Release Date: Mar 15, 2011
Record label: Thrill Jockey
Genre(s): Electronic, Club/Dance
Faced with the loss of their bassist following last year’s neo-dub-punk-dance stunner Steal Your Face, the two remaining members of Mi Ami responded by ditching their stringed instruments altogether, switching over to ancient drum machines, a sampler that runs on floppy disks, and the simplest keyboard presets imaginable. ALthough that setup might sound like the recipe for the latest chillwave release, the results of this change-up don’t bring to mind hazy memories of weed and beaches so much as they do Miami Sound Machine. Yeah, that Miami Sound Machine, the one played incessantly on the sort of radio stations that claim to play “everything.
When bassist Jacob Long left Mi Ami early this year, the San Francisco/NYC trio decided against seeking a replacement. It was a change that affected more than just their roster. On Dolphins, their first release since Long's departure, remaining members Daniel Martin-McCormick and Damon Palermo have abandoned guitars and drums and with them the dubby post-punk alchemy of earlier efforts.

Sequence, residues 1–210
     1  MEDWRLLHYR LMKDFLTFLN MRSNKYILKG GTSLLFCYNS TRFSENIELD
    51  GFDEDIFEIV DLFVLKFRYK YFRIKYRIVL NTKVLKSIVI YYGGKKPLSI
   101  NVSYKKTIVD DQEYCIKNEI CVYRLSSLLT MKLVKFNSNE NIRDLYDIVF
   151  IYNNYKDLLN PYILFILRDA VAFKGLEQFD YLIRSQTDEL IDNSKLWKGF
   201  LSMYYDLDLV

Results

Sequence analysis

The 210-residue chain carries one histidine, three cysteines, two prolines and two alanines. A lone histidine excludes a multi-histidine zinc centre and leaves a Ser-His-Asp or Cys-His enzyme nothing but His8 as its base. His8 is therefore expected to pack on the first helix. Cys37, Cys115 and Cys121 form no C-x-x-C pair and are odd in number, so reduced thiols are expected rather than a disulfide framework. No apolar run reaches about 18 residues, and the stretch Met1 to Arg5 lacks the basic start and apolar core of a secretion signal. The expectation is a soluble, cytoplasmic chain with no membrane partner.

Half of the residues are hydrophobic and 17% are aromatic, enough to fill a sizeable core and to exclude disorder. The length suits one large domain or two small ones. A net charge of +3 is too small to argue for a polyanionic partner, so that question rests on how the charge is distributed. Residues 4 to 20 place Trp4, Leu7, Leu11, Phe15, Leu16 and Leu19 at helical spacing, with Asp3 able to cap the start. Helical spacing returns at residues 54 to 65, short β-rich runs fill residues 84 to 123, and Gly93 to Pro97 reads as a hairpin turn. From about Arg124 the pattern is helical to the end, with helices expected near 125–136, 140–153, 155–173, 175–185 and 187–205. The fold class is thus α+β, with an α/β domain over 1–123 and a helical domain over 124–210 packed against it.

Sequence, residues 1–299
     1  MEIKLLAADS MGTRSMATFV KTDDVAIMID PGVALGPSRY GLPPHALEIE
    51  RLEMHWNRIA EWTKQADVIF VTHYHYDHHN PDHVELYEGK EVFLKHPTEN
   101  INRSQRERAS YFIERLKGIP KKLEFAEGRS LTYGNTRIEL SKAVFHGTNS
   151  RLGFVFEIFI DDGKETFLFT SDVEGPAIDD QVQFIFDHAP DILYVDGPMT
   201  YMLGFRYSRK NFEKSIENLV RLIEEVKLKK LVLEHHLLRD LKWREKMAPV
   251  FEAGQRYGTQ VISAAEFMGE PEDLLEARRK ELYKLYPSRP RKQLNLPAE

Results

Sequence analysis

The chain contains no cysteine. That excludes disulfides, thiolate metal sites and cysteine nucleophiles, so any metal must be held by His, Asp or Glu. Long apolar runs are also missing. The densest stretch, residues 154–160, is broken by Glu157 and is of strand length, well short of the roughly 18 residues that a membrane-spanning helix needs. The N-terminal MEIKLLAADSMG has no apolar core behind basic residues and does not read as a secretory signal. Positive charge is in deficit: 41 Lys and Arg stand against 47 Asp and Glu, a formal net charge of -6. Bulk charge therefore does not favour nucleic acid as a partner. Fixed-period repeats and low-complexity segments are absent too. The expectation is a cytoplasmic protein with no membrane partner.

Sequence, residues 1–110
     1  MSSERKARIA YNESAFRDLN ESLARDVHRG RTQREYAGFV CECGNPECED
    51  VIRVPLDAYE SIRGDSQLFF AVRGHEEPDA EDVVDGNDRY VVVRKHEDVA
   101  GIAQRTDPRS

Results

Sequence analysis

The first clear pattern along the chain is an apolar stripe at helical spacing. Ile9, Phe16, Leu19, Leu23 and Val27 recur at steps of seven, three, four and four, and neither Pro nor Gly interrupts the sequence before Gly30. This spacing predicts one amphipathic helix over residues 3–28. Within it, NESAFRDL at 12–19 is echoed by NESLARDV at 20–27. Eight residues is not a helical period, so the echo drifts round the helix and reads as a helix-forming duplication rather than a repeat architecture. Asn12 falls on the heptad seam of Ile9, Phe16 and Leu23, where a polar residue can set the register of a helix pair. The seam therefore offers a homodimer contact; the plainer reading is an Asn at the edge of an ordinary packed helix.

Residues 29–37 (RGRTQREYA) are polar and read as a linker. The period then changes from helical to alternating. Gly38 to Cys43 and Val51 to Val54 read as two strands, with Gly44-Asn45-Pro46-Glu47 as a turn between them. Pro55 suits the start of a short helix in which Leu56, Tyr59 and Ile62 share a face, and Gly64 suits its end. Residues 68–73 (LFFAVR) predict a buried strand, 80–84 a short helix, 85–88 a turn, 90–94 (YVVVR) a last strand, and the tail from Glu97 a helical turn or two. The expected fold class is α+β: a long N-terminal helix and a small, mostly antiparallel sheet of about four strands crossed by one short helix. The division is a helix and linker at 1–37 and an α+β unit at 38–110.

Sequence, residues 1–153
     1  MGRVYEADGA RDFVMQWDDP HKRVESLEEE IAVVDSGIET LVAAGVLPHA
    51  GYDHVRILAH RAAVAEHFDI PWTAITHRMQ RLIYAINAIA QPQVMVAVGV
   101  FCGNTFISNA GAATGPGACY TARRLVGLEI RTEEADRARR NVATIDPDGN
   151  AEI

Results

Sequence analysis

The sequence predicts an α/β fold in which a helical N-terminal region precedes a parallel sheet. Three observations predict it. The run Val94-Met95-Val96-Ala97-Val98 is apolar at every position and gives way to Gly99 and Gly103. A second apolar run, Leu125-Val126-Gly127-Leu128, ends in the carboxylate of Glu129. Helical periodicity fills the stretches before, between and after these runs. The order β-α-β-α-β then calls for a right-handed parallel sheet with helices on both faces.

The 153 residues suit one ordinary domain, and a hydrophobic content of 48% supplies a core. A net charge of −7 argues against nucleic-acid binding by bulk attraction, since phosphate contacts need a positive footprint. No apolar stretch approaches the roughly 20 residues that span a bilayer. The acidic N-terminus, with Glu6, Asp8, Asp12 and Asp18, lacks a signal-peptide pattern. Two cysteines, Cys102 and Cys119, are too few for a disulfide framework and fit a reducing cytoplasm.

Evolution’s tricky, especially when it’s forced by a loss of stability. With bassist Jacob Long’s departure from Mi Ami, consider the band’s strategy for quick recovery: Convert this void into opportunity and take a creative leap. The now duo of Daniel Martin-McCormick and Damon Palermo exchanged their live instruments for samplers, drum machines and synthesizers while maintaining their signature minimalism and penchant for groove.
Although [a]Mi Ami[/a]’s previous output – think a proto-Islet hopped up on jungle juice – didn’t pay much heed to reason, bassist Jacob Long apparently took any semblance of common sense with him when he quit earlier this year. The remaining members, Damon and Daniel, took their chance to reinvent [a]Mi Ami[/a] as a synth duo, thus erasing much of their ingenuity in favour of irritating, obvious Hi-NRG euphoria and, on [b]‘Echo’[/b], Daniel shrieking like [a]The Rapture[/a]’s Luke Jenner suffering night visions over dated punk-funk scree. Occasionally they hit an addictive groove, but you’d hope so given that the songs are each five to 10 minutes long.